Pentax K-3 £1099
7th Oct 2013 | 22:01
Will the weatherproof K-3 be enough to tempt consumers away from Nikon and Canon?
Since Pentax was bought from Hoya by Ricoh, it's seen a bit of an increase in new launches and development.
The K-3 comes just a year after the Pentax K-5 II was launched, which arrived two years after the K-5. Pentax says that the K-3 is not intended to replace the K-5 II, but instead sit alongside it in a higher position as the company's flagship DSLR.
Featuring a Sony designed 24 million-pixel sensor, the K-3 doesn't have an anti-aliasing filter. This is a route which several companies have taken of late, but what makes the K-3 a little different is that it has an optional (as in you can switch it off) anti-aliasing "simulator" to help reduce moire patterning if this is proving to be a problem.
Pentax has a loyal, if relatively small, army of supporters, but with this camera, the company hopes that it will be able to tempt consumers away from the Nikon and Canon standard.
Pentax says that comparatively, it offers more than its closest rivals, though. Along with the new sensor, a newly developed imaging engine – PRIME III – has been introduced to facilitate headline features such as 8.3 fps (by comparison the Canon EOS 70D offers 7fps, while the Nikon D7100 offers 6fps, although this can be boosted to 7fps in crop mode). Sequential shooting can record up to 22 images in raw format at a time, or 60 images in JPEG.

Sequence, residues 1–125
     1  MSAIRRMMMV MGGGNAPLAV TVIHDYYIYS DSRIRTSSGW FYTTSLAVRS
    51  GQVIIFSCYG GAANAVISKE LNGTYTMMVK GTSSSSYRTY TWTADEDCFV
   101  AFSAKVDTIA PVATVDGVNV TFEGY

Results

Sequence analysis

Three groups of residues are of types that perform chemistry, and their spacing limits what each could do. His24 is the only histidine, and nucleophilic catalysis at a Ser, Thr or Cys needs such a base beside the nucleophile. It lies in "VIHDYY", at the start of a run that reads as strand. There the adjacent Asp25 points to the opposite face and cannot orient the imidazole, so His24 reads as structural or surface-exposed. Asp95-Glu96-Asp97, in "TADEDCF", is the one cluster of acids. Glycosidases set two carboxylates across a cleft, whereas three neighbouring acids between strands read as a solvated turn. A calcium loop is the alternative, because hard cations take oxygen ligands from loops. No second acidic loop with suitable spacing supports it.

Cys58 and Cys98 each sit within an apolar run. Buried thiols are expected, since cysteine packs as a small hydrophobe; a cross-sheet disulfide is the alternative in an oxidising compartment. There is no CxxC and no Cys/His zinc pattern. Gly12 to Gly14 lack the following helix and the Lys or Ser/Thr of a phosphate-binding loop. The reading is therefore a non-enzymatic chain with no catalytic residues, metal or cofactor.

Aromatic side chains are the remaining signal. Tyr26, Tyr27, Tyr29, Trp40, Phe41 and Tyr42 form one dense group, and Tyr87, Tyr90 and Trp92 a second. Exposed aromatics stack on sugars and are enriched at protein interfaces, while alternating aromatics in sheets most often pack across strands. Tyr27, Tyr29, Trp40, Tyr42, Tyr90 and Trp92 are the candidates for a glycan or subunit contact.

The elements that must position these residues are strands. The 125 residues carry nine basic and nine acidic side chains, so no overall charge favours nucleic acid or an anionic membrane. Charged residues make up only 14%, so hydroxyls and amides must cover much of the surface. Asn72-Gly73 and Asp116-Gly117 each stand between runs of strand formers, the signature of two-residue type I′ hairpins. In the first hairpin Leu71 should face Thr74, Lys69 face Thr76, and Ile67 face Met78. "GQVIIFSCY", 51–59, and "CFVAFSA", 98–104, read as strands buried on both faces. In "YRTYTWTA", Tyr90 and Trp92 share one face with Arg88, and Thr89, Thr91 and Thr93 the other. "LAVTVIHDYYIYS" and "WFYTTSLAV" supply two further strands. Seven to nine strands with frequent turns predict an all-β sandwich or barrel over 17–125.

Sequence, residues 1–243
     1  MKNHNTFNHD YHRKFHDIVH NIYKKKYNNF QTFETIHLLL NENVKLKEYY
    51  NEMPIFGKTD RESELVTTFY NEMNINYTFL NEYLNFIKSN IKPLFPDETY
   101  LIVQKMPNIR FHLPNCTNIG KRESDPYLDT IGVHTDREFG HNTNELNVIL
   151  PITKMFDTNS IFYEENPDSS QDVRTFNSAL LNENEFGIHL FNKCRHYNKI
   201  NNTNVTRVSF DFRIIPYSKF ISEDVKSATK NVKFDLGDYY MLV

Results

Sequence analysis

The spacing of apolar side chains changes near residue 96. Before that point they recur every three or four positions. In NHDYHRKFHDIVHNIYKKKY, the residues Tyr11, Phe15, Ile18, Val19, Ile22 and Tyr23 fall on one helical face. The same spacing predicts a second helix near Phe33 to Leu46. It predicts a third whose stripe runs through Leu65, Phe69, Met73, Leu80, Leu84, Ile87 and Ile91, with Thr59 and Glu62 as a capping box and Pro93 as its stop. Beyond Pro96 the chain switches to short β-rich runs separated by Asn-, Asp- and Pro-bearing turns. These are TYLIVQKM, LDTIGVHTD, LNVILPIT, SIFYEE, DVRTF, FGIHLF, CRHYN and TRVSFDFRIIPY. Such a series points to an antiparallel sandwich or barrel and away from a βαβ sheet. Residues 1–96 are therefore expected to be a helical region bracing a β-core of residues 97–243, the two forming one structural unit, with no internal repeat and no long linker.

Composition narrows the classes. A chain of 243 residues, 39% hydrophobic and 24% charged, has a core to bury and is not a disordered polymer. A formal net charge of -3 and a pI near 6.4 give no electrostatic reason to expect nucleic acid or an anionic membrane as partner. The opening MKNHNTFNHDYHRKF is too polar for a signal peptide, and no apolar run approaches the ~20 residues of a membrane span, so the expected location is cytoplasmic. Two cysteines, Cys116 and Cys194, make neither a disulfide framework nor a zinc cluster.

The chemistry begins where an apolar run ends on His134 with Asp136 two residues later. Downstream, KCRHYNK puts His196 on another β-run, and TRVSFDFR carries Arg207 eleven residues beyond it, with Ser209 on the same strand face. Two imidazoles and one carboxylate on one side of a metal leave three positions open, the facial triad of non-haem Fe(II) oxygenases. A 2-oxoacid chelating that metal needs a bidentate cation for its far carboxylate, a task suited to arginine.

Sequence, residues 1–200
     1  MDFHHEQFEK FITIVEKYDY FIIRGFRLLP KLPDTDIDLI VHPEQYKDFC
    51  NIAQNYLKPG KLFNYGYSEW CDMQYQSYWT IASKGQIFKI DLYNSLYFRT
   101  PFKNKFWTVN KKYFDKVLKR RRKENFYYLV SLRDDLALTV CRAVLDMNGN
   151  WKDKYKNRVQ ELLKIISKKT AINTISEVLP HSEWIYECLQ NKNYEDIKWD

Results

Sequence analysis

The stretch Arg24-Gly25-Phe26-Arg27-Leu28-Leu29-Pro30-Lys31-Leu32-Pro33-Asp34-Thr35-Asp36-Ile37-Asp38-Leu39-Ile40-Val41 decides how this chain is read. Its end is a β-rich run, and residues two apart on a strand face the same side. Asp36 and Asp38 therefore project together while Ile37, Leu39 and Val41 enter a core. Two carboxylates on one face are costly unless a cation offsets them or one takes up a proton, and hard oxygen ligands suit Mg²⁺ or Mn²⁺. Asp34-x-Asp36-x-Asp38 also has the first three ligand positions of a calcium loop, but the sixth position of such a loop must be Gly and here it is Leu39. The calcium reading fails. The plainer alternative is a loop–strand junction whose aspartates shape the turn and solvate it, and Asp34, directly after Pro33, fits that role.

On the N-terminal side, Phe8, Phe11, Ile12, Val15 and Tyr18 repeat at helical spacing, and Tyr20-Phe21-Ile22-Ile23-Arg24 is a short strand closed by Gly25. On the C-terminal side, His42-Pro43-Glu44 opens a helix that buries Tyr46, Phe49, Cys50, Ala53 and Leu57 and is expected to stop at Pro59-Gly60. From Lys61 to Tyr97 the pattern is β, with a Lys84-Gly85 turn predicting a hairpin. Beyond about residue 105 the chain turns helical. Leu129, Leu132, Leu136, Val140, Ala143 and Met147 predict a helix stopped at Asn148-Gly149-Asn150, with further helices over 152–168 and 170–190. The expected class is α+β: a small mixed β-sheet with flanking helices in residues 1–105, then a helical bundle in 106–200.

A newly designed SAFOX 11 AF module has been introduced which offers 27 autofocus points, of which 25 are cross type for increased accuracy. Another point of differentiation between the K-3 and its rivals is that the AF module is sensitive down to -3EV, compared to 0/-1EV.
The K-3's optical viewfinder has a 100% field of view, with 0.95x magnification. Meanwhile, the rear screen is a 3.2 inch, 1,037,000 dot device with a protective tempered glass front panel for added durability. Anti-reflection coating is also included.
Wi-Fi is fast becoming an almost required specification of cameras, even at this level. Different manufacturers have different ways to approach this, Nikon uses the Wu-1a wireless adaptor, while Canon has placed Wi-Fi directly into the body of the camera itself. Pentax's solution is to introduce the less than appetising sounding "flu card". Similar to an Eye-Fi card, a flu card allows for transfer of images across to a smartphone or tablets, along with remote control of the camera.